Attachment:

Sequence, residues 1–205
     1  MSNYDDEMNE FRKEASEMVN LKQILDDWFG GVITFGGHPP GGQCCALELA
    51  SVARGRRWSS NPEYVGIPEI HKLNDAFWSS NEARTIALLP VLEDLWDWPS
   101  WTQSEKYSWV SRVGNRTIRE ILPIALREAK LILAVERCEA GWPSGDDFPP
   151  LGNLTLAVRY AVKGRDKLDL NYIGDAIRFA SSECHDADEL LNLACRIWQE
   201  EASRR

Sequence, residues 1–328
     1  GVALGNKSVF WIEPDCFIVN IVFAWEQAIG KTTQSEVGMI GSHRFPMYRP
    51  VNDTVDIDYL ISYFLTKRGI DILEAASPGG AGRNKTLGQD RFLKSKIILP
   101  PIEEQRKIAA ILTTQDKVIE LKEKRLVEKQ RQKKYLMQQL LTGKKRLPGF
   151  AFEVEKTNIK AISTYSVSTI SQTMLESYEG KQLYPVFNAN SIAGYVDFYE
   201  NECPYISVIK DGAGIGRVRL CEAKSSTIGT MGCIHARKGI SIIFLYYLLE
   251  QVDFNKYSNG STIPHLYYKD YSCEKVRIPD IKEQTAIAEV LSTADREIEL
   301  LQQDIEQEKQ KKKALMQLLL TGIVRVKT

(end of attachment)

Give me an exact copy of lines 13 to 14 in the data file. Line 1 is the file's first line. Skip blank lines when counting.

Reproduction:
   251  QVDFNKYSNG STIPHLYYKD YSCEKVRIPD IKEQTAIAEV LSTADREIEL
   301  LQQDIEQEKQ KKKALMQLLL TGIVRVKT